The California hotel industry has until July 1, 2018, to prepare for new safety requirements. Under the new rule, lodging establishments will need to create a Musculoskeletal Injury Prevention Program. The goal is to prevent injuries among housekeepers.
Injuries Among Housekeepers
Hotel housekeepers perform physical tasks that can result in injuries. Repetitive motions, awkward positions and heavy lifting are among the activities that can cause injuries, including back and neck problems. Housekeepers are often required to perform their duties quickly, cleaning many rooms in quick succession and leaving little time to rest.
In 2012, the labor union UNITE HERE filed a petition calling for new standards to address the health and safety hazards faced by housekeepers.
According to UNITE HERE, hotel workers experience an injury rate that is 40 percent higher than the rate experienced by all service sector workers.1 In a survey of hotel housekeeper in the United States and Canada, 91 percent reported work-related pain.
Musculoskeletal Injury Prevention Program
To address the risks that housekeepers face, the California’s Division of Occupational Safety and Health, often called Cal/OSHA, has adopted new regulations.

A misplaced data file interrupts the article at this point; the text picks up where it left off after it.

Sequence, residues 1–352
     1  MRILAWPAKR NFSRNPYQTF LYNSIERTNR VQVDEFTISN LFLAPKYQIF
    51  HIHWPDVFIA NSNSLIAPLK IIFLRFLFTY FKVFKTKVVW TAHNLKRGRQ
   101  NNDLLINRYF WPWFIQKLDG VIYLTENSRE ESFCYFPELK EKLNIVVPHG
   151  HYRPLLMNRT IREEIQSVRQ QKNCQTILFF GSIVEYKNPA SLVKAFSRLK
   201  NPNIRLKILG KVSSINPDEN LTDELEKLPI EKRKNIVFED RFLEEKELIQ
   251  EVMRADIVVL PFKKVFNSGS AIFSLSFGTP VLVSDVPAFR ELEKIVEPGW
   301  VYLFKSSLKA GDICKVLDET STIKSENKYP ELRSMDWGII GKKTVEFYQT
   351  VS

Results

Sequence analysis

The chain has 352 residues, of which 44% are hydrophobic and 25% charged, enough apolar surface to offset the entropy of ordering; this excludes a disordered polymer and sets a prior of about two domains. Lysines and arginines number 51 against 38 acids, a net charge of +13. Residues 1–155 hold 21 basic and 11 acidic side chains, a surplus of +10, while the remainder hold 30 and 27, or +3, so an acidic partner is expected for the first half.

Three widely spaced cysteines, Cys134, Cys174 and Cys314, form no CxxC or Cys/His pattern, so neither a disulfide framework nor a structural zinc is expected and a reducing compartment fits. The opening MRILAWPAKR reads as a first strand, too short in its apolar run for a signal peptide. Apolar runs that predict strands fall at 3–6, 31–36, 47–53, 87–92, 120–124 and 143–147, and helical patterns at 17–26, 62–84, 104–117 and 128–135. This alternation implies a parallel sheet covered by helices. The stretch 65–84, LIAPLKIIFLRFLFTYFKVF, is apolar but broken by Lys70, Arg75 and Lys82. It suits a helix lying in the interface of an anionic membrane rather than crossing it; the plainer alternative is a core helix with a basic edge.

Effective July 1, lodging establishments in California are required to create and implement a written Musculoskeletal Injury Prevention Program (MIPP). The MIPP may be incorporated into the employer’s Injury and Illness Prevention Program (IIPP).
The MIPP must do the following:
- Identify who will be in charge of implementing the MIPP.
- Create a system for ensuring compliance with the MIPP, adherence to safe housekeeping practices and use of appropriate tools for housekeeping tasks.
- Create a system for communicating health and safety issues to housekeepers.
- Develop procedures to identify and evaluate hazards during a worksite evaluation.
- Develop procedures to investigate musculoskeletal injuries.
- Develop methods to correct hazards.
- Create procedures to evaluate the MIPP and address any weaknesses.
The initial worksite evaluation must be completed within three months of the effective date – so by October 1, 2018 – or within three months of opening a new worksite. A new evaluation must be completed at least annually, or when other stated criteria are met.
Employers must also provide training to housekeepers and their supervisors. Records of all compliance measures must be maintained.
To learn more about the new safety requirements, you can read the full text of the safety orders on the California Department of Industrial Relations webpage on Hotel Housekeeping Musculoskeletal Injury Prevention.2